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Not everyone's life choices allows them to pay cash for everything. I personally financed both my sleds, put $1,000 down and got 0% both times. What better way to buy your toys, but with the banks money. First time was a 5 year loan (paid off early to trade for the Harley), the second I could only get 3 years. Seemed like a no brainer to me?
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Old 02-12-2020, 02:18 PM   #55 (permalink)
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Reading thru this thread you'd think every new sled sold was paid for in cash lol. IMO if you can afford the payment go for it life is short. Personally, I've had a toy payment off and on since I was 18 but I've managed to buy and pay off a house,many vehicles, and at 56 have a high 6 figure retirement account plus a pension to look forward to in a few years a toy loan doesn't have to be a financial disaster.
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Old 02-12-2020, 05:42 PM   #56 (permalink)
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you are either a credit card millionaire, or a real millionaire.

everyone wants to be a lion until it comes time to do lion stuff.
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Old 02-12-2020, 05:55 PM   #57 (permalink)
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Quote:
Originally Posted by Maximusthunder View Post
Not everyone's life choices allows them to pay cash for everything. I personally financed both my sleds, put $1,000 down and got 0% both times. What better way to buy your toys, but with the banks money. First time was a 5 year loan (paid off early to trade for the Harley), the second I could only get 3 years. Seemed like a no brainer to me?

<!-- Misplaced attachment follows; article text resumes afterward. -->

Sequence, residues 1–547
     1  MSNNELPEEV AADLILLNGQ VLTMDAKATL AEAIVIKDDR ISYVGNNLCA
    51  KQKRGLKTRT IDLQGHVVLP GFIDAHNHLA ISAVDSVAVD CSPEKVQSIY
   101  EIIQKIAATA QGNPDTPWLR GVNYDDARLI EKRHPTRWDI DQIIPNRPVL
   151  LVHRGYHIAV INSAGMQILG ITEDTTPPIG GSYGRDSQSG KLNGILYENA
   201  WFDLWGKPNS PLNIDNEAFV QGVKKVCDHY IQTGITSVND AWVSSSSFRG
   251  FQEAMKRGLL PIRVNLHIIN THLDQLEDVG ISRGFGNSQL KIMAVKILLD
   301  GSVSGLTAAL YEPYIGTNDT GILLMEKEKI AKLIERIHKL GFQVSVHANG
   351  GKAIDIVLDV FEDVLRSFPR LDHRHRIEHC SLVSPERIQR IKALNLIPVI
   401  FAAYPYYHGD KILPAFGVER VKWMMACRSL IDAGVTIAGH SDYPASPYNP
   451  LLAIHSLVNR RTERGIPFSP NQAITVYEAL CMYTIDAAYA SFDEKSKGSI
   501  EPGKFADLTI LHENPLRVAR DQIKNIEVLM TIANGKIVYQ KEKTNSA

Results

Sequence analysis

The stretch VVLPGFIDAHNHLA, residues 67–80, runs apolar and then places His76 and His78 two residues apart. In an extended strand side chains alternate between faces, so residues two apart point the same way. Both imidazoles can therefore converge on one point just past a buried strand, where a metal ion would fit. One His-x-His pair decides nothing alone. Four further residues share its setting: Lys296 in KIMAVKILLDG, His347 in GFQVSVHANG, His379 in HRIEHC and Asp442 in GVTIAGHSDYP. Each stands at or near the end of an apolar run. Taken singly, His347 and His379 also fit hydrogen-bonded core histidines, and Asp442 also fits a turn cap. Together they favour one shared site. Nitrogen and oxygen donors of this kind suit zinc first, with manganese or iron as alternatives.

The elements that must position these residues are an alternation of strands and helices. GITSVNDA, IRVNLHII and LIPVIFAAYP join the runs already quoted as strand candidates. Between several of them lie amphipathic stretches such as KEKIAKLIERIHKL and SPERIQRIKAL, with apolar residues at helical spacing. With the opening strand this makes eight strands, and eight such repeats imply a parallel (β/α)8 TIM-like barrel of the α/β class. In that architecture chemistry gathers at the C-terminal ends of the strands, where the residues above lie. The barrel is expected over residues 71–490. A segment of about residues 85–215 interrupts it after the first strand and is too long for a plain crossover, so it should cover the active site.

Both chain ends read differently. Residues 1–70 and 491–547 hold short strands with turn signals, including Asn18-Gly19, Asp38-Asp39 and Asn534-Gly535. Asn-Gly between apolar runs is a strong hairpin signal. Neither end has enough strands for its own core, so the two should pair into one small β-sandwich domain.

When the companies came out with 0% for 36 months that was absolutely the best deal for people who need to finance a sled beyond 12 months. I wouldn’t stretch it beyond that but I had several friends take advantage of those offers back a couple of years ago in order to upgrade sleds.
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Old 04-02-2020, 02:33 PM   #58 (permalink)
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Anyone still think financing a depreciating luxury, with limited re-sale appeal is a good idea?
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Old 04-02-2020, 02:50 PM   #59 (permalink)
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Zero interest is a sales gimmick, you usually pay more for the sled when they offer Zero Interest. When calculated the interest is not that much in the whole picture of the game. Problem, the sport is dying, sled prices are way over priced, nice products, but price is to big to swallow and every thing that goes along with it.

Bob
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Old 04-02-2020, 04:40 PM   #60 (permalink)
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Quote:
Originally Posted by bar549 View Post
Zero interest is a sales gimmick, you usually pay more for the sled when they offer Zero Interest. When calculated the interest is not that much in the whole picture of the game. Problem, the sport is dying, sled prices are way over priced, nice products, but price is to big to swallow and every thing that goes along with it.

Bob
Actually, with the way the market is going these days, you'd be a fool to take money out of investments now to pay for a depreciating asset. Everyone's investments have been slaughtered, no sense taking money out now. Now is the PERFECT time to take a zero percent financing offer because any spare dime you have should get invested while the market is down. It's a really good time to use someone else's money for free.